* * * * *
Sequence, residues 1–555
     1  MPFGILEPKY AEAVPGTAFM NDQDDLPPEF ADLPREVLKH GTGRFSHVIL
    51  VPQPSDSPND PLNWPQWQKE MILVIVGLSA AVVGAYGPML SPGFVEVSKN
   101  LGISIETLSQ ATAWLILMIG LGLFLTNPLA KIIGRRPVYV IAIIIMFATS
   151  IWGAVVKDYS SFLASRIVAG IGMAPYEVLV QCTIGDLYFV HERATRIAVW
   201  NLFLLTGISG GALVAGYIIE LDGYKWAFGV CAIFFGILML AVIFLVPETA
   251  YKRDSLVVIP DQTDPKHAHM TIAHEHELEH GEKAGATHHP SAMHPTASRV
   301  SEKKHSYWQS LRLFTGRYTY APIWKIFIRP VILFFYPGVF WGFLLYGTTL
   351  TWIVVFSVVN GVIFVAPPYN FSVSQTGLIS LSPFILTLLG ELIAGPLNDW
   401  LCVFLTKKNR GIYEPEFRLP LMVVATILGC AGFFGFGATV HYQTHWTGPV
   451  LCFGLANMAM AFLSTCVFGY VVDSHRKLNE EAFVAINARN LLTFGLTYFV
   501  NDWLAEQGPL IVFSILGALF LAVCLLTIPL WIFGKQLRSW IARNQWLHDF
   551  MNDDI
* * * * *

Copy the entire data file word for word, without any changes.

Sequence, residues 1–555
     1  MPFGILEPKY AEAVPGTAFM NDQDDLPPEF ADLPREVLKH GTGRFSHVIL
    51  VPQPSDSPND PLNWPQWQKE MILVIVGLSA AVVGAYGPML SPGFVEVSKN
   101  LGISIETLSQ ATAWLILMIG LGLFLTNPLA KIIGRRPVYV IAIIIMFATS
   151  IWGAVVKDYS SFLASRIVAG IGMAPYEVLV QCTIGDLYFV HERATRIAVW
   201  NLFLLTGISG GALVAGYIIE LDGYKWAFGV CAIFFGILML AVIFLVPETA
   251  YKRDSLVVIP DQTDPKHAHM TIAHEHELEH GEKAGATHHP SAMHPTASRV
   301  SEKKHSYWQS LRLFTGRYTY APIWKIFIRP VILFFYPGVF WGFLLYGTTL
   351  TWIVVFSVVN GVIFVAPPYN FSVSQTGLIS LSPFILTLLG ELIAGPLNDW
   401  LCVFLTKKNR GIYEPEFRLP LMVVATILGC AGFFGFGATV HYQTHWTGPV
   451  LCFGLANMAM AFLSTCVFGY VVDSHRKLNE EAFVAINARN LLTFGLTYFV
   501  NDWLAEQGPL IVFSILGALF LAVCLLTIPL WIFGKQLRSW IARNQWLHDF
   551  MNDDI